Keep Your Home Cool with the Right Window Coverings

It’s that time of year when we need to start thinking of ways to deal with the summer heat. If you’re in need of ways to keep your home cool, look no further than the window treatments! To get to the root of the problem, we are going to explain the three types of heat transfer that occur. Then, we’ll be showing you which energy saving window coverings will work best!


3 Types of Heat Transfer

What exactly is heat transfer? It’s how the sunlight and hot air outside your home cause your home to heat up. Heat transfer causes heat gain. There are three ways this can happen, and your home is under fire from all three!

Radiant Heat:

You don’t normally feel the heat of the sun in the air. Most of the time, you’ll notice surfaces where the sun’s rays are hitting. We call these hot spots. Touch the sunny area, and you’ll feel just how hot things can get. Pets love these cozy spaces for nap time. The problem is that once surfaces heat up inside your home, everything gets so much hotter. The AC is the only way to keep your home cool if you are experiencing heat gain from radiant heat.


This type of heat transfer has to do with moving air. Even on a day without much wind, exterior air is moving. That moving air moves to the windows and away from the windows. Cool air is attracted to warm windows during cold weather, and warm air is attracted to cool windows on a hot day. The best solution for this is to put a barrier between the interior air and the window to reduce the heat gain.


Heat is transferred through solid objects. We know this as the “spoon in tea” effect. A cold spoon put in hot tea will not stay cool. Even the part not submerged in the hot tea will gradually heat up. When windows don’t have insulating factors, like the R-value you’ve probably heard of, your home is at risk of heat gain. By adding insulating window treatments, the hot glass of the window will not come into contact with the interior air, trapping it.  

french doors without shades bringing in flooding light in Reno NV home

Is It Possible to Reduce Heat Gain?

It’s definitely possible, and as you might have guessed, an easy answer is window coverings. Not only do we have firsthand experience with reducing heat gain in our own homes, but we have outfitted a tremendous amount of houses over the years to solve these common issues.

duette honeycomb shades insulate floor to ceiling windows in kitchen
Duette® Honeycomb Shades

Recommendations for Energy Saving Window Treatments

Our top-of-the-line choices for reducing heat gain are Honeycomb Shades. The cellular pockets hold air, which means the air on the interior won’t be mingling with air from the exterior. This is a great way to insulate your windows. Not only that, but with the right opacity, these shades can also block incoming sunshine which leads to those hot spots your pets love. Sorry, Rover.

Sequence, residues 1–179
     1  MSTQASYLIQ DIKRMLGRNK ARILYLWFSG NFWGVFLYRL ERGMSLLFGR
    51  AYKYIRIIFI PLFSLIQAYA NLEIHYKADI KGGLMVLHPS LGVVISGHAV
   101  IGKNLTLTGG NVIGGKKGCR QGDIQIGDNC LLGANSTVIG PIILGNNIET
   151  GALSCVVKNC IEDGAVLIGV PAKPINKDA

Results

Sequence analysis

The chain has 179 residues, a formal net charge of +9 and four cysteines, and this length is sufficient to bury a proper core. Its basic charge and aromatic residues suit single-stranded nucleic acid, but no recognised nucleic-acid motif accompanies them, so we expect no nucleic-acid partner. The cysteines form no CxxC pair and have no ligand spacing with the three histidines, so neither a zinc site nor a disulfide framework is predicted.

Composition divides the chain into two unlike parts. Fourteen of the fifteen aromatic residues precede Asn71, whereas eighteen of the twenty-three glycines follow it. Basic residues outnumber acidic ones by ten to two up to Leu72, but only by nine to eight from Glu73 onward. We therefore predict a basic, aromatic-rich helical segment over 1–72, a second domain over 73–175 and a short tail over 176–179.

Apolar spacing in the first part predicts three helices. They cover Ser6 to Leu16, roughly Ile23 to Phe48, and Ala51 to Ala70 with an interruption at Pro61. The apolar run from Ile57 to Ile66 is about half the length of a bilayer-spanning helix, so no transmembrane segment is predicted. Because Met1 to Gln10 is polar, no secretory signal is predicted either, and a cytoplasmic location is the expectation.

cellular shades help keep your home cool with pockets of trapped air
Duette® Honeycomb Shades

One of latest innovations in honeycomb shades is the Sonnette collection of cellular roller shades. The concept is similar–providing insulation at the window while blocking intense light from entering. The unique ability of these shades is that they roll, unlike any other cellular shades on the market.

blue cabinetry and modern bar area with large picture windows and shades
Sonnette® Cellular Roller Shades

Well-loved in the design world, homeowners have also been using draperies to prevent heat gain for generations. It’s important to use the right fabrics with custom draperies so you get the best results while also styling your home beautifully. Your window covering specialist will have ideas for you, including the possibilities of adding a liner for extra protection.

dark olive drapery in modern loft apartment dining room
Custom Draperies

Can shutters help keep your home cool? You bet! To begin with, shutters are framed into the window area, creating an area where the heat transfer is slowed because of the barrier that is now installed. Close up the louvers, and you’ll block air flow, as well as radiant heat. Even when louvers are adjusted to let the light in, air doesn’t flow as easily.

breakfast nook with black shutters floor to ceiling showing outdoors
Heritance® Hardwood Shutters

One of the most historic types of window treatments, the use of roman shades dates all the way back to…well…Roman times. Folds of fabric cascade down the window. Those fabric layers insulate and prevent air from flowing. They also block the light, so you can keep your home cool. Raise them just slightly to bring in light and create a small hot spot for your pup, and they’ll be happy.

open floor plan with neutral roman shades in Reno NV
Vignette® Modern Roman Shades

Are sheer shades normally used for energy efficiency? Not exactly. But, while we are on the subject of protecting your home from heat transfer, they definitely do a great job at keeping out direct light! That radiant heat that creates hot spots in your home can be stopped at the window. Entering light is soft and gentle. You might not realize it, but sheer shades actually reflect light on the exterior of your home. So, if you have an area where the direct light is the biggest problem, sheers can be very helpful.

before and after window coverings in reno, NV home
Silhouette® Window Shades


Keep Your Home Cool This Summer!

Don’t let the intense Nevada heat of summer worry you. It’s time to bring in window treatments that will help keep your home cool so you can enjoy it year round! Get in touch with the team at Blue Sky Shutters & Shades for your FREE design consultation.